The point of Kafka seems to be a protest against the alienating and grinding persecution of individuals by arbitrary and blandly bullying systems, systems that have been put in place by the anonymous powers that be. Well, fair enough. It's a denunciation of inhumanity, and I'm good with that. The problem is, in The Trial the protagonist's persecutors are so inhumane as to be inhuman. They -- indeed, all of the characters -- act and speak in such a stylized fashion that they are scarcely recognizable as human beings. Kafka's flat, surficial descriptive style further alienates the reader (which is to say: me) from the humanity of his characters, giving me no inkling of what might motivate them to their strange behaviors.
The upshot of all this is that Kafka's world is a lot grimmer than the real world -- usually. In the real world, when you are being ground down by the bureaucracy or the corporation or whatever the arbitrary and blandly bullying system might be, you are being ground down by real live human beings. Occasionally you might note their sadistic glee in your distress, sometimes their indifference, but usually you are going to notice that people in general will at least make an attempt at kindness, as long as it doesn't cost them anything. It may not be much, but it's better than Kafka's world.
A final irony, however, is that Kafka's siblings were all murdered in the Nazi concentration camps. They ended up living in and being killed by the grimmest and most horrific blandly bullying system yet devised. Kafka himself died of natural causes long before Hitler's rise to power, and thus escaped having to inhabit the kind of horror he imagined in his novel.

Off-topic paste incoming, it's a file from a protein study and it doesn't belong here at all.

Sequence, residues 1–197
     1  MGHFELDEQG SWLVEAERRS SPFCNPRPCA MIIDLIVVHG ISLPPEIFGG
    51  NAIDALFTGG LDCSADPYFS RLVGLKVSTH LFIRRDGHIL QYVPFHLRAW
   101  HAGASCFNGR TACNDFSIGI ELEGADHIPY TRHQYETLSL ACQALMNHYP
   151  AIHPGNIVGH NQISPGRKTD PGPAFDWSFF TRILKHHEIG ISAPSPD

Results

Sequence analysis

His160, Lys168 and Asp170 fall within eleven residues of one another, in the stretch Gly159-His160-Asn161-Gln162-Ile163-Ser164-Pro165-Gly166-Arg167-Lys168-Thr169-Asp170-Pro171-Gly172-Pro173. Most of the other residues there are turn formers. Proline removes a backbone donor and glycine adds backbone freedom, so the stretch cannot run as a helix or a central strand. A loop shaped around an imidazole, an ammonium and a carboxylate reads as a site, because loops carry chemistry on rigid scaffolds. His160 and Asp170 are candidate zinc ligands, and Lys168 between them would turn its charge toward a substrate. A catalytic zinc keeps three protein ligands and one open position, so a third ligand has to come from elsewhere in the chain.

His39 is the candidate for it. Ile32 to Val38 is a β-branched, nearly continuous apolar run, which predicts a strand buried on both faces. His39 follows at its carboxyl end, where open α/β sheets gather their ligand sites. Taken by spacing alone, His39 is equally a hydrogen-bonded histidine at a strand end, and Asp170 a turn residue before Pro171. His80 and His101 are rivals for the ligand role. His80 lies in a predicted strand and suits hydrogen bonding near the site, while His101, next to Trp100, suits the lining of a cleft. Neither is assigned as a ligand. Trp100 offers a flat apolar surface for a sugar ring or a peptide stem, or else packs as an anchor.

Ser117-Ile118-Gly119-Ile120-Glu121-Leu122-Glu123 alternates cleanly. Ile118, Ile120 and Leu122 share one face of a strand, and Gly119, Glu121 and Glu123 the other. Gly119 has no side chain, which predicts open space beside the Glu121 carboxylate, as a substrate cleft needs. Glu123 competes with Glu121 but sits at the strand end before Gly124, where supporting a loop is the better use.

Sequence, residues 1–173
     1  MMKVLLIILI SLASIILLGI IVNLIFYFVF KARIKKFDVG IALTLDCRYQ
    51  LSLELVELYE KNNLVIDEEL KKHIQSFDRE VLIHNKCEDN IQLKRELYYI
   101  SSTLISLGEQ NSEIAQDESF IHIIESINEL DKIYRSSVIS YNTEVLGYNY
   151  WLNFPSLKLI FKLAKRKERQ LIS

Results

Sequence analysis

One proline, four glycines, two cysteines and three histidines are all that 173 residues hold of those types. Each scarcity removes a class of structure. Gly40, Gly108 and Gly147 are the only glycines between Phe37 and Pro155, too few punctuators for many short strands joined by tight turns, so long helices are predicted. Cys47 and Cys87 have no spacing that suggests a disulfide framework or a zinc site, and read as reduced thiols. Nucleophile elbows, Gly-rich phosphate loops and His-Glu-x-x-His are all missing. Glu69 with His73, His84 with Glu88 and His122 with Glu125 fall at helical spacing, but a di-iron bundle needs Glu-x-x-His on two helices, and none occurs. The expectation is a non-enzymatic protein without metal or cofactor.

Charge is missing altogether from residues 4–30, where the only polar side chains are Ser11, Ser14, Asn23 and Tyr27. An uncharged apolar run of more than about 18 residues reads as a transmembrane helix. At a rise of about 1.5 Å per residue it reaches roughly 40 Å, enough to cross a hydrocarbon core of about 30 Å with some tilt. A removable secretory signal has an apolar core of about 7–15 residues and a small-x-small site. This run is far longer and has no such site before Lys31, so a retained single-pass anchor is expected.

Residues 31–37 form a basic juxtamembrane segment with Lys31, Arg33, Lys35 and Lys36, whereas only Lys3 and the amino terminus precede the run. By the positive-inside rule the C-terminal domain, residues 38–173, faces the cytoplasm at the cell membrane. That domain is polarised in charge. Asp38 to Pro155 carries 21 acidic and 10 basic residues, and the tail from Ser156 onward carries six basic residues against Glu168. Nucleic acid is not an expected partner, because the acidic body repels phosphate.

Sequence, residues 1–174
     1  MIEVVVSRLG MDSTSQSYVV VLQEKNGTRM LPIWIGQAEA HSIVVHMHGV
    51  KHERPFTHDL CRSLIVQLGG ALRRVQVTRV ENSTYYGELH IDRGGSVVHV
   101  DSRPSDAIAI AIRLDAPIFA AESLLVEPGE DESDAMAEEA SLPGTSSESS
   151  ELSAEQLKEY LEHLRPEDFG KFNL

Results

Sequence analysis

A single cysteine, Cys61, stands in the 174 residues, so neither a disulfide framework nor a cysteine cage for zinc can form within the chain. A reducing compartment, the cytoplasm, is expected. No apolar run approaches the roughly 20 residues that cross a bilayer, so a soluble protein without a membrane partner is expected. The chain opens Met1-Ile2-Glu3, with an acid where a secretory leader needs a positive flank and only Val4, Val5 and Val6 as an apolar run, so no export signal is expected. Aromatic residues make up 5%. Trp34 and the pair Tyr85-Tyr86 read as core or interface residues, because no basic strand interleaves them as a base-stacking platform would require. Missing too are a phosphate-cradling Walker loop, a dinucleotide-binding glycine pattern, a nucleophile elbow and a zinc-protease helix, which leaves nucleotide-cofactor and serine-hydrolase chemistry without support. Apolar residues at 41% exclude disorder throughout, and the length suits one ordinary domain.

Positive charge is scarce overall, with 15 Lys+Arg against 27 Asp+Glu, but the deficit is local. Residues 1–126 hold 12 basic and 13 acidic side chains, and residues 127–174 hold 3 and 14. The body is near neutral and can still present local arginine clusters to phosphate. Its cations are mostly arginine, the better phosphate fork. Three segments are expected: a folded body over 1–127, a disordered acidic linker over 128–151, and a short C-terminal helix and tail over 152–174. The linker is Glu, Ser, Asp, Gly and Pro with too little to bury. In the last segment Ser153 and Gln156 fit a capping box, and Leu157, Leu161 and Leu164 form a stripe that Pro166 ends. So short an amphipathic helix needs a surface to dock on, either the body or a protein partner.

Plot: "Someone must have slandered Josef K.," the famous first line goes, "for one morning, without having done anything truly wrong, he was arrested." He is not jailed, but is increasingly consumed by a trial that in some unknown, amorphous fashion, seems to be proceeding somewhere. We are never given any indication of what poor Mr. K's crime might have been; we merely watch as he bounces among the book’s minor characters, each of whom has their own specific advice about how he can attempt to secure a favorable outcome, and each of whom frankly confesses that, although their advice is sound, it never really works. Details throughout are so surreal as to be hallucinatory; the court where Josef K.'s case is apparently being tried is in the attic of a low-income tenement, and can only be entered through various residents' personal apartments.
While his trial may or may not be progressing, Mr. K makes a half-hearted pass at the girl across the hall, runs the rat race at the bank where he works, has an affair with a woman who has a thing for defendants, and waffles about whether to fire a lawyer who might be really good or might be really bad. All of these situations are completely absurd and arbitrary, and there is never any way for Mr. K to find out the truth of the situation, or even to gather information that might lead to an informed decision. All he can do is choose, and act, and any choice and any action is likely just as good as any other. Nothing he does will help much. This, Kafka suggests, is the human condition. He must have been a lot of fun at parties.